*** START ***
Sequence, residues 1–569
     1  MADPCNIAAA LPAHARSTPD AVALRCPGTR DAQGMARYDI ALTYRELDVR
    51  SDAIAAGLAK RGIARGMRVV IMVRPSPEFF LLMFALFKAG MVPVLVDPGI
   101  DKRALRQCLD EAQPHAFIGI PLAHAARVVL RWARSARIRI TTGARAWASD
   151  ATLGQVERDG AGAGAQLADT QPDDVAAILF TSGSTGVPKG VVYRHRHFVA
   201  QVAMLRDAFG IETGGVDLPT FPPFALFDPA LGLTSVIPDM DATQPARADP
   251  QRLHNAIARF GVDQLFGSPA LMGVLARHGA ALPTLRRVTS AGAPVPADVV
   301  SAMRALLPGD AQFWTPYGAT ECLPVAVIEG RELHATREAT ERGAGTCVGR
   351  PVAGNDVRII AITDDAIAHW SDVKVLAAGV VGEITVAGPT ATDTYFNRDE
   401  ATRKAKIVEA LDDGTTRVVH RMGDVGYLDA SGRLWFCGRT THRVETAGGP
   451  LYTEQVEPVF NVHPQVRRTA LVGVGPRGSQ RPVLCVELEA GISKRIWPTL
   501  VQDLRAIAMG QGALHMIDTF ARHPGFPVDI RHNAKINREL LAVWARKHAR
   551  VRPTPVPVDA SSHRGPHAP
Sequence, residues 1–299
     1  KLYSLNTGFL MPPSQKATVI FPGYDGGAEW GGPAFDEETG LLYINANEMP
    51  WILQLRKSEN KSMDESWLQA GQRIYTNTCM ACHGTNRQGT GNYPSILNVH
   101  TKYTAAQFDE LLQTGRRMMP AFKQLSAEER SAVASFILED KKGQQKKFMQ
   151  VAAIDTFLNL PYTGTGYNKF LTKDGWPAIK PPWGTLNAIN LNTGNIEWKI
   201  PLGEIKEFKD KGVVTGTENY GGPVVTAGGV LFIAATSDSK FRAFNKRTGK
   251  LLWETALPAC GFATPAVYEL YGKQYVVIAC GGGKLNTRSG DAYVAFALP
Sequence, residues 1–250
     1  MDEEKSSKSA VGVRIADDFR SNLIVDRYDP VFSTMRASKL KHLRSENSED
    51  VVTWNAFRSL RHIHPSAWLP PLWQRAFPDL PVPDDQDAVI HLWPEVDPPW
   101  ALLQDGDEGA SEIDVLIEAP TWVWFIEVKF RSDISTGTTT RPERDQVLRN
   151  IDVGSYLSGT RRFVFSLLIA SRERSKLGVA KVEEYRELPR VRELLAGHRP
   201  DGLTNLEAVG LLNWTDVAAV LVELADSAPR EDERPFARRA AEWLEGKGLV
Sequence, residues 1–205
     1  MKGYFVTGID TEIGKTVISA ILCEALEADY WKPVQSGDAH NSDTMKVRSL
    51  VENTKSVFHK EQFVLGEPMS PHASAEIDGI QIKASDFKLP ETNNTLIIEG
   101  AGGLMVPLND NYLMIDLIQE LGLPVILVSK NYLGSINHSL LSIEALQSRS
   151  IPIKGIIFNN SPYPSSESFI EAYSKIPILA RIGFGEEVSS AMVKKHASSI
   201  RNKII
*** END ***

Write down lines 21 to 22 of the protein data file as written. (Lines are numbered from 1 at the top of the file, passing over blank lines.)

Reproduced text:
Sequence, residues 1–250
     1  MDEEKSSKSA VGVRIADDFR SNLIVDRYDP VFSTMRASKL KHLRSENSED